Lent begins with Ash Wednesday service
Jennifer Lee Preyss
March 9, 2011 at 7:01 p.m.
Updated March 8, 2011 at 9:09 p.m.
What is lent?
Lent began on Ash Wednesday, March 9, and ends on Holy Saturday, April 23. The 40-day season culminates with Easter Sunday.
Lent begins with Ash Wednesday, a service where Christians mark their foreheads with ashes as a public sign of repentance.
Catholics traditionally observe Lent, though some Protestants observe the season. Lutherans, Anglicans, Presbyterians and Methodists are included in this group.
Pre-Lenten festivals include Mardi Gras, Shrove Tuesday, Maslenitsa, Pancake Day.
Blessing the ashes that would soon adorn the foreheads of the faithful, the Rev. Dan Morales, a St. Mary's Catholic Church priest, offered a simple prayer to God before continuing Ash Wednesday services.
"Lord bless the sinner who asks for your forgiveness, and bless these ashes on all who receive them," Morales said, sprinkling holy water on three bowls of ashes made from the previous year's palms. "May they receive this Lenten season in preparation of Easter."
One by one, members of St. Mary's filed in a single line along the steps of the sanctuary and waited quietly and reverently for Father to impose the sign of the cross on their face.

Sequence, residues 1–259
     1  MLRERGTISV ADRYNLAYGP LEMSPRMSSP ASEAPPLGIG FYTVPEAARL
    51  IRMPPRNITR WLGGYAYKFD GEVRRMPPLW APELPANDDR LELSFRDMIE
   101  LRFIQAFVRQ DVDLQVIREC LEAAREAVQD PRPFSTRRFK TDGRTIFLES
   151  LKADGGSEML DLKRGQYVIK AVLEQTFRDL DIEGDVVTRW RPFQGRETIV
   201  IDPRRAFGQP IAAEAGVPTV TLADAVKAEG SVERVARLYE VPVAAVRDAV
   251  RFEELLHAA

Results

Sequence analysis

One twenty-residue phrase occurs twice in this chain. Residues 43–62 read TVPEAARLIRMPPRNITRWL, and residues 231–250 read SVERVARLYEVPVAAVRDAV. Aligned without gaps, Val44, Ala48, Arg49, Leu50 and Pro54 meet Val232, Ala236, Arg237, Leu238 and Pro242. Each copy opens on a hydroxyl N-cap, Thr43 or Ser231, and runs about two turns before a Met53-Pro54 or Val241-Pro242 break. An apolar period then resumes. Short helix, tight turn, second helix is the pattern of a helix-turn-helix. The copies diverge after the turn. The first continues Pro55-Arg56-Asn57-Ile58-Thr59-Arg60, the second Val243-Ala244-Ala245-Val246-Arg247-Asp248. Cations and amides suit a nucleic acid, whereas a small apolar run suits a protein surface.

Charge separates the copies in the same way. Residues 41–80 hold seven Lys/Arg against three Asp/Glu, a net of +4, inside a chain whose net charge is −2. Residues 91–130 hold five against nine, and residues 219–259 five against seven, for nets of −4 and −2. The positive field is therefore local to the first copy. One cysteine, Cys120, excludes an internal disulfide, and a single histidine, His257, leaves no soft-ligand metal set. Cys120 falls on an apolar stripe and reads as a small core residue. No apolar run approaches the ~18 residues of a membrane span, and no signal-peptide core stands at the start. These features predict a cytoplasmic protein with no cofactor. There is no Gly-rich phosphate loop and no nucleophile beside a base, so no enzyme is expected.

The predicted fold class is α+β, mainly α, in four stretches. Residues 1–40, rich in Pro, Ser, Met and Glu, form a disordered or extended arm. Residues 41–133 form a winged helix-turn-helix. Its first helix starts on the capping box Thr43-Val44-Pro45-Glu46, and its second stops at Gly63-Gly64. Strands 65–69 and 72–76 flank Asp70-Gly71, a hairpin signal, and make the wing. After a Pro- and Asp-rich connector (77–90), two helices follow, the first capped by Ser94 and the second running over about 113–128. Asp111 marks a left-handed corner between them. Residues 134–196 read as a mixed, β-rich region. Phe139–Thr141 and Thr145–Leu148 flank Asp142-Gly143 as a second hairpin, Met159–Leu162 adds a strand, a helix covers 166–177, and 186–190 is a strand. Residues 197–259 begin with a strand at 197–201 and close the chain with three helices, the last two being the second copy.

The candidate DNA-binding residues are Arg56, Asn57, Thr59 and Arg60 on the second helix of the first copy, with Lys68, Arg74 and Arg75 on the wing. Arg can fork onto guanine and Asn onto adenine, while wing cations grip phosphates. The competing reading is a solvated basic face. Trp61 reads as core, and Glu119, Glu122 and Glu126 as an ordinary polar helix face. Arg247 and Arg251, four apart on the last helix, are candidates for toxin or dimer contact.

"Remember you are dust, and to dust you shall return," he said, thumbing black ashes on his congregation's foreheads.
The Ash Wednesday services kicked off the season of Lent, a 46-day period of reflection until Easter Sunday, the Christian holiday celebrating the resurrection of Jesus.
The six Sundays in Lent are not counted, making the season 40 days long.
Millions of Christians worldwide will usher in the Lenten season with observances of Ash Wednesday. Traditionally, Ash Wednesday observers fast from meat, and others meals, though some will fast for the entire day. Meat is also avoided on the Fridays during Lent, and day-long fasting is again expected on Good Friday, April 22.
Lenten observers also traditionally give something up for the season, which can range from personal vices such as television watching, and computer games, to abstaining from unhealthy foods like sugar and fast-food.
St. Mary's member Lilia Vianes said she decided to give up watching morning television and be more concerned with others.
"I'm a religious Catholic, a believer in Christ and his resurrection, and this is part of my faith," Vianes said reflecting on the Ash Wednesday service. "I want to spend Lent being a little less critical and more patient with others."
Fellow church member Jeff Osterhaut said observing the Lenten season is a must for everyone.
"We need this, everyone needs this - to come to the Lord," Osterhaut said.
When asked what he decided to give up for Lent, Osterhaut laughed, "I'm hoping to give up a little food for the season. I'm getting big."
Morales concluded Ash Wednesday services with a reminder of the good weeks to come before Easter.
"This is a joyful time of preparation of the Lord's coming," he said. "May the Lord be with you."